Labor is usually helpless against capital. The employer, perhaps, decides to shut up the shops; he ceases to make profits for a short time. There is no change in his habits, food, clothing, pleasures - no agonizing fear of want. Contrast this with his workman whose lessening means of subsistence torment him. He has few comforts, scarcely the necessities for his wife and children in health, and for the sick little ones no proper treatment. It is not capital we need to guard, but helpless labor. If I returned to business tomorrow, fear of labor troubles would not enter my mind, but tenderness for poor and sometimes misguided though well-meaning laborers would fill my heart and soften it; and thereby soften theirs.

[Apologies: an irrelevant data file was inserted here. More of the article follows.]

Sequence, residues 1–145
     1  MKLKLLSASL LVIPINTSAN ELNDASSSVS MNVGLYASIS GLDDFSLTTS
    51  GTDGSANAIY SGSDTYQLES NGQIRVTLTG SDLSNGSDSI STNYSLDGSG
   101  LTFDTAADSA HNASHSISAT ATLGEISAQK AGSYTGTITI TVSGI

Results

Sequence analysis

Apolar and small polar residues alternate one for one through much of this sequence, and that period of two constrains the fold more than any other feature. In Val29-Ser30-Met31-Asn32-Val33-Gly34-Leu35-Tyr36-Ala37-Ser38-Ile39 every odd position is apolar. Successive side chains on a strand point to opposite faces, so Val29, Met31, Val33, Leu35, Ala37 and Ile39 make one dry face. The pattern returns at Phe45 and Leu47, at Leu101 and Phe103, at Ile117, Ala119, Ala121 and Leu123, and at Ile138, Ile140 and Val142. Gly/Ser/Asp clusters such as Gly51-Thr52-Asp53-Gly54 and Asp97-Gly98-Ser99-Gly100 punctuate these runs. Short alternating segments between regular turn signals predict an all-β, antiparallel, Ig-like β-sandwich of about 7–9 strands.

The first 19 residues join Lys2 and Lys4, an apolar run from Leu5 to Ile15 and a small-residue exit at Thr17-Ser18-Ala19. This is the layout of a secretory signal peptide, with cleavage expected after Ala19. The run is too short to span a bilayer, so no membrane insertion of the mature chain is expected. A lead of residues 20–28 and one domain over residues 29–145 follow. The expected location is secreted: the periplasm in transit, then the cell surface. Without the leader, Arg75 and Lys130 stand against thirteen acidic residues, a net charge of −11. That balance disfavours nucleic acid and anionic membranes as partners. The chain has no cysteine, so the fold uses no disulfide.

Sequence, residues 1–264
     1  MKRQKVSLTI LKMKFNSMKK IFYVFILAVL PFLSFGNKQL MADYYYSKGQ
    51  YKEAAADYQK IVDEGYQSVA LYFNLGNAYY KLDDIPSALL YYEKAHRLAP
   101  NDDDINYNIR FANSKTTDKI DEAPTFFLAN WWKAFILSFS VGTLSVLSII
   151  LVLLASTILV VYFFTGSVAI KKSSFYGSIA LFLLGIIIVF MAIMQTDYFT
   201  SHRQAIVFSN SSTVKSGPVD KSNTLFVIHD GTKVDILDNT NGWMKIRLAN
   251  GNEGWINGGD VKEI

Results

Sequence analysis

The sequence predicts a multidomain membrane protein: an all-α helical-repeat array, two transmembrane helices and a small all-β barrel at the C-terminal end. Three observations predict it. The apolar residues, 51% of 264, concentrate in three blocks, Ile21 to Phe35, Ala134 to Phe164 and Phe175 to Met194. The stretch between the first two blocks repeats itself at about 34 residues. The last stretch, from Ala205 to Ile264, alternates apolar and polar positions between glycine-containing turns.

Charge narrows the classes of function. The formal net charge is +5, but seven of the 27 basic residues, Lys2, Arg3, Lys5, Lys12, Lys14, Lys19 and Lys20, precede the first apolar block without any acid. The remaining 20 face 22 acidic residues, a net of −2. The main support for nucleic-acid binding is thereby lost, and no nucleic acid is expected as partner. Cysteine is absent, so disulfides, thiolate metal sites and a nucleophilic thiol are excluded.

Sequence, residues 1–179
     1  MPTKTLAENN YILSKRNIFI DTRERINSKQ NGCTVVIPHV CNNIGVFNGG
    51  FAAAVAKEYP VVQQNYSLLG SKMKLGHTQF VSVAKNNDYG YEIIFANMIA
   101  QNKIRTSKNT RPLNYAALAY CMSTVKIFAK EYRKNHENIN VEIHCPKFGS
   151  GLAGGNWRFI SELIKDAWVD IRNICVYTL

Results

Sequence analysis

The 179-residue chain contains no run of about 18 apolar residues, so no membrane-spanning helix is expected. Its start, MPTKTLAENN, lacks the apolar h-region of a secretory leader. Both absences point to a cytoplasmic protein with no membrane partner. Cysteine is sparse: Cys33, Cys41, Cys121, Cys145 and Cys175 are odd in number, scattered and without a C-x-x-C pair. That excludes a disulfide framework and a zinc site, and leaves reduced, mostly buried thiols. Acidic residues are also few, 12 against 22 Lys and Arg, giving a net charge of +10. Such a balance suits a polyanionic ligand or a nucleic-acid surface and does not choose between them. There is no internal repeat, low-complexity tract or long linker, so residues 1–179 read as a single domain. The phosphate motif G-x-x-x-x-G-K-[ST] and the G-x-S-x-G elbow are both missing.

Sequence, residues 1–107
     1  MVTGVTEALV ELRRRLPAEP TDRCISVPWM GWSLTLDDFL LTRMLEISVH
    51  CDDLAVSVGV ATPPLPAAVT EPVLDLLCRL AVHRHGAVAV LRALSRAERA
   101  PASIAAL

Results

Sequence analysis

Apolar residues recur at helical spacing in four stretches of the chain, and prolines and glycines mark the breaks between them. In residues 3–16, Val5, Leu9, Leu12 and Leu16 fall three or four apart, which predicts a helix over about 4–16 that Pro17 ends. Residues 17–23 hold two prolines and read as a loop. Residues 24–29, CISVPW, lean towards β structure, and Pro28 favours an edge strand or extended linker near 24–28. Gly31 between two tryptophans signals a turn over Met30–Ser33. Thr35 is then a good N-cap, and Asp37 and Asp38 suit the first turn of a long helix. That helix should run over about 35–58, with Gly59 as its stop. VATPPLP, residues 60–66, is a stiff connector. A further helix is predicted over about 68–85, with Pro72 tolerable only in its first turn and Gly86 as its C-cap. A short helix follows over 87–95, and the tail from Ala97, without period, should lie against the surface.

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Autobiography of Andrew Carnegie